What that means for you: Agile gives us more time to master user experience design, so that each new site, app, or other digital product we ship is noticeably much better than the previous one. It allows us to become UX experts faster.

2. A product’s users are more likely to end up with a product that they want.

The Lean Startup movement emphasizes the notion of the minimum viable product (MVP). The MVP has only the features that allow a product to be launched. Typically, the MVP will be deployed to only some of your customers: those who are likely to be more forgiving and more willing to give helpful feedback on the product. With fewer features to work on, the project team can focus on making each feature exactly right.

MVP helps companies to understand what customers want more quickly and to focus on developing the right product ideas for serving them best. Later releases of the products can include more features and a wider release.

What that means for you: You’ll know very early in our design process what your users think of our designs. We start our testing with users far before the first release of a product. Many products can be tested with users starting with as little as a sketch. We will use test users who represent your target market well (verified with user research), so that we will take your digital products to market with greater certainty that they will want them.

3. You can ship (and make money from your product) sooner.

This is tied to the minimum viable product (MVP) strategy from the previous point. Because an MVP has fewer features, it does not require as much time to design or develop. This allows the product to be released and sold (or used to help sell other products) much sooner.

Scrum, a widely used agile method which I have also implemented at Thrill & Create, organizes work into a product backlog. The backlog is a list of requirements (features, bug fixes, user test comments, non-functional requirements) that the project team maintains. After the product owner identifies which items need to be in a shipped product, the team needs to work through items on the backlog in order to be able to ship the product. Story points help us to estimate how long everything will take.

What this means for you: If your website, app, or other digital product does not need to be launched in an all-at-once fashion, we can release it in stages. This helps provide you with a fast return on your investment before our team is even done with design and development.

4. Problems are easier to identify and fix early.

Design and development are not exact sciences. User research can help us anticipate what users will want. However, it doesn’t absolutely ensure a correct design. And many software development projects encounter problems that require extensive rework to fix properly.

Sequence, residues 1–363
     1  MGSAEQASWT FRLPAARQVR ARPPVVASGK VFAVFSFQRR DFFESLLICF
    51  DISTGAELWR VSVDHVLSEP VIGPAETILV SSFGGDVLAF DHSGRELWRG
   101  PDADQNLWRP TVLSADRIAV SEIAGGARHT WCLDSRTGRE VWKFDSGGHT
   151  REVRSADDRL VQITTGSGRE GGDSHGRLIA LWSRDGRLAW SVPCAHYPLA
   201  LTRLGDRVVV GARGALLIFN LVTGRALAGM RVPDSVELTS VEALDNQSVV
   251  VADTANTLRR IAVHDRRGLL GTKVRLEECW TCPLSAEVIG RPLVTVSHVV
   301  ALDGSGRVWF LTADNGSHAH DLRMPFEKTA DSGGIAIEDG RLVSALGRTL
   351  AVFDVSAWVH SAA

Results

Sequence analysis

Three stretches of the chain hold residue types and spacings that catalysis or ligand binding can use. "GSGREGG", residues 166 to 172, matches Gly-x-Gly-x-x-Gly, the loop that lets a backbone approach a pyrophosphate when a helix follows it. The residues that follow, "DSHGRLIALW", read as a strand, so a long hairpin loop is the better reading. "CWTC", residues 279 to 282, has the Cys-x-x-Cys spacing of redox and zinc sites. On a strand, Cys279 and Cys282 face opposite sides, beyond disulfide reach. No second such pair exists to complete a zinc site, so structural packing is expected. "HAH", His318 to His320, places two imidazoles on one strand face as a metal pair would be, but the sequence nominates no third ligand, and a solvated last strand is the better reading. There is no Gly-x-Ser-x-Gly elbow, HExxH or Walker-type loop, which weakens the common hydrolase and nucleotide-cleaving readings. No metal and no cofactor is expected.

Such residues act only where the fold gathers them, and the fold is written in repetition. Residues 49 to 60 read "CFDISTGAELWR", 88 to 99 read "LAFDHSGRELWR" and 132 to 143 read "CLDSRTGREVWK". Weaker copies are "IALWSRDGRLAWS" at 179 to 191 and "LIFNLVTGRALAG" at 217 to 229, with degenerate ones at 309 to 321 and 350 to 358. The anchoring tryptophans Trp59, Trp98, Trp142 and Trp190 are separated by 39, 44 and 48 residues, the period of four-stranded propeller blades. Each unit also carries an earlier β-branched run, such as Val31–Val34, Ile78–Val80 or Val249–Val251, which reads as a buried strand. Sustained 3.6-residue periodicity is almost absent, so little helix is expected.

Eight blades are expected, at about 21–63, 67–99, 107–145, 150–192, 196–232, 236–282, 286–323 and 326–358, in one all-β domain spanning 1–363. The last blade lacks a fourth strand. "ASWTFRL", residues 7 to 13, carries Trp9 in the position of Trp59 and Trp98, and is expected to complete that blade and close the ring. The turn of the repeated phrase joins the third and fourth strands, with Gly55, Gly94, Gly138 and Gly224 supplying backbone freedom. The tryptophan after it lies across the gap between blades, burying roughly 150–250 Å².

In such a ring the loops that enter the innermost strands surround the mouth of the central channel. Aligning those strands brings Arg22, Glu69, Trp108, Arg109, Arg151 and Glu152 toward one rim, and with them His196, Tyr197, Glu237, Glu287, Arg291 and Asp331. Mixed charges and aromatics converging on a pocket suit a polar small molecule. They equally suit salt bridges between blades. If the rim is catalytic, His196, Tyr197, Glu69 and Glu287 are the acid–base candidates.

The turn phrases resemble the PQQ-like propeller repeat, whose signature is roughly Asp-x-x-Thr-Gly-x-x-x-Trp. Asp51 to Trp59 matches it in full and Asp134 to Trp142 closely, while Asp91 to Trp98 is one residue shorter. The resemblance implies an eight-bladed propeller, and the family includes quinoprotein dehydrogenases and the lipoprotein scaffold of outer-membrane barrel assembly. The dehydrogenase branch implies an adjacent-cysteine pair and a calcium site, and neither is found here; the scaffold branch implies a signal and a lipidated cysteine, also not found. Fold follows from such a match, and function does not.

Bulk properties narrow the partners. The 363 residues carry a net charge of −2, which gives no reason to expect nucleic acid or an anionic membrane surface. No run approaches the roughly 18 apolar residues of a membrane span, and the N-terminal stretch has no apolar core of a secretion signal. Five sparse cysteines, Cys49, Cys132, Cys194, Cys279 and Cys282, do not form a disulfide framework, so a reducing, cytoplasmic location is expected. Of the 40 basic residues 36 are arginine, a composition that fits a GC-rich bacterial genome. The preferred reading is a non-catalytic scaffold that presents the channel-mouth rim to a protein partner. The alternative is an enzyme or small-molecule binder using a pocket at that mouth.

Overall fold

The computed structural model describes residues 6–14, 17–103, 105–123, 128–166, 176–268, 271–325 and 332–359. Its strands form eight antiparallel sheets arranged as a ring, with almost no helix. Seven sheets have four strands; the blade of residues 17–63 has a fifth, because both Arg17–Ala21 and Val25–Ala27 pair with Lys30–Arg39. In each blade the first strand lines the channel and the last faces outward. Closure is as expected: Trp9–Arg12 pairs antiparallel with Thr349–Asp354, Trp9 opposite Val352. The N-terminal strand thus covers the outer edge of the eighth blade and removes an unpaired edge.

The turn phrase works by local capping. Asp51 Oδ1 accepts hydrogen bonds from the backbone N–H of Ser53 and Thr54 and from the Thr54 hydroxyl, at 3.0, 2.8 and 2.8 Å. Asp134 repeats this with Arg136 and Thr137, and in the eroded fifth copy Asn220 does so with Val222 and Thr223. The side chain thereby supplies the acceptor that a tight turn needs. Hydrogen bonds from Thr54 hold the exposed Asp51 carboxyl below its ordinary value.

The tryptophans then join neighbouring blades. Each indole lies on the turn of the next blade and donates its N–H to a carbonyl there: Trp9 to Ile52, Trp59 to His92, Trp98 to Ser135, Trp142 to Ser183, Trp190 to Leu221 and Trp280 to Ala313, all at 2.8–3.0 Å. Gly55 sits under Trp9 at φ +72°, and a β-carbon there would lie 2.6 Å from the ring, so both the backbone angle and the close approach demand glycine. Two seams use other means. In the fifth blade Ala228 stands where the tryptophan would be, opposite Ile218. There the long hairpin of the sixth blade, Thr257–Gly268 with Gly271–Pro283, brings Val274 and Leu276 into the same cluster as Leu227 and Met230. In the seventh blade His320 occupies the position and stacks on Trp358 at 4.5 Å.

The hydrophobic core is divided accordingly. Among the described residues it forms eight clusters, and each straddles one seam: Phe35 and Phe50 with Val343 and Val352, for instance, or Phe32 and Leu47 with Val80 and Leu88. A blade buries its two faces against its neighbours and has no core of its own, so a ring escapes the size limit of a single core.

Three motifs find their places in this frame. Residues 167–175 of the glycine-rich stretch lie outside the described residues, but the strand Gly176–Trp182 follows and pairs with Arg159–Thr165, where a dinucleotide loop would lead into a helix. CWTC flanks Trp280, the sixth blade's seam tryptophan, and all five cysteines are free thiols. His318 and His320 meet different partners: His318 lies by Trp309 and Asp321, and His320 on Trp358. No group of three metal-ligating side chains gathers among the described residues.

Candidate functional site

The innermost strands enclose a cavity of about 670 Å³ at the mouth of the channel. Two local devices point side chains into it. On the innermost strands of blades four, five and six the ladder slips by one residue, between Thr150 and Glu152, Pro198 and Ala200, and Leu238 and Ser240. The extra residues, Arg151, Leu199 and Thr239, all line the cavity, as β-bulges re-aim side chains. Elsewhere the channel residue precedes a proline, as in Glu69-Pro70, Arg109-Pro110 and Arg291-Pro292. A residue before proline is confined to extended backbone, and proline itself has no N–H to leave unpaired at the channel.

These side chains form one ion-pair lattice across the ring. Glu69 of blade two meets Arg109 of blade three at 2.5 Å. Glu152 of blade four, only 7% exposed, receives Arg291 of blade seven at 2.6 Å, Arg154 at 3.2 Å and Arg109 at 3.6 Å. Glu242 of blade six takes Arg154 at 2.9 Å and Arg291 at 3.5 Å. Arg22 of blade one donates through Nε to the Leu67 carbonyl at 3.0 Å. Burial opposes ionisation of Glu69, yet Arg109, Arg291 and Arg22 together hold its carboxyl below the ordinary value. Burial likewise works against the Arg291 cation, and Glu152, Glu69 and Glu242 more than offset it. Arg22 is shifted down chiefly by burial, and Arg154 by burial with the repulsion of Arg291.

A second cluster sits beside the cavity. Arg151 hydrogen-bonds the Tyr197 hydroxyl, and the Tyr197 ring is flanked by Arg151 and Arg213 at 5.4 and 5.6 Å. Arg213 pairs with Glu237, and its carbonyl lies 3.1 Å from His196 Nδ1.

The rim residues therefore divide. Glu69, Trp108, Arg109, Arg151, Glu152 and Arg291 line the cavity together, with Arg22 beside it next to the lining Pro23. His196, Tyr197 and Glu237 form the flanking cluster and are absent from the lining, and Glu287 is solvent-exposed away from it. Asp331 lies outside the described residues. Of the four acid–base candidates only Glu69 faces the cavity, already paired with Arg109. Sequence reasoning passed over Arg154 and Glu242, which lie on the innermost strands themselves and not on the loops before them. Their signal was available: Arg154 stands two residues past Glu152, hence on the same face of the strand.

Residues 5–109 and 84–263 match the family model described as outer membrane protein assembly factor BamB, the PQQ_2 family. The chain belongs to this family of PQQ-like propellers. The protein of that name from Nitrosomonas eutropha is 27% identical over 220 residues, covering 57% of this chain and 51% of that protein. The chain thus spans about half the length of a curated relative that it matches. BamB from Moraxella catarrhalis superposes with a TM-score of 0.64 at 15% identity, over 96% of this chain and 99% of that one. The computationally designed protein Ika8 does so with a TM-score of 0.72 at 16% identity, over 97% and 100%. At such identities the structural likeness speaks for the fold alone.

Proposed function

Fortunately, the Agile Manifesto emphasizes working software and customer collaboration. At a development level, this means that as early in the process as possible, there is always a version of the product that they can ship to customers at a moment’s notice. That version keeps receiving updates as the developers continue to deliver work. At a design level, we test designs with users at many stages to identify problems with their usability and validate which design directions are correct. This allows us to avoid wasting budget developing solutions that do not work.

What that means for you: Your budget will be used more effectively because we won’t spend it going far down the wrong path in our designs.

5. It is easier to allow customers and users to change the product without having the product ship late.

One of the main reasons why agile processes were developed was that waterfall processes respond to change poorly. Waterfall projects often use slow, involved approval processes in order to have changes approved. Teams often have to work at an unsustainable pace in order to ship changes without slipping the project schedule – if that is even possible.

Agile – and in particular, Scrum’s story point system – makes responding to changes easier. Scrum iterations have a fixed duration and a fixed number of story points or hours available. With a fixed timeline, we can use these estimated task durations to determine what makes it into each sprint: new features, bug fixes, testing, and any other work items. Changes that happen often result in lower-priority tasks being removed from the sprint and either deferred to a later sprint or removed from the project. The ship date is only pushed back if the changes do not result in existing tasks being removed from the project.

What that means for you: While we are the designers, we collaborate with you consistently to make sure that you are getting what you and your users need. We are able to accommodate changes in a project in a way that does not jeopardize ship dates as long as our overall project scope remains the same.

How Thrill & Create implements Scrum

At Thrill & Create, we have had different ways of working with our project teams.

When I worked on the Coaster Crew projects, I had one primary and one secondary point of contact with the other Coaster Crew staff. My main point of contact was their webmaster, who also handles the back-end development for their sites. I sent him a weekly status email which detailed what I was working on and whether I was blocked on anything. On tasks that required more involvement from him, we would communicate more frequently via email or Facebook chat. I handled project management and usability test triage using an Excel spreadsheet, which was mainly for my reference.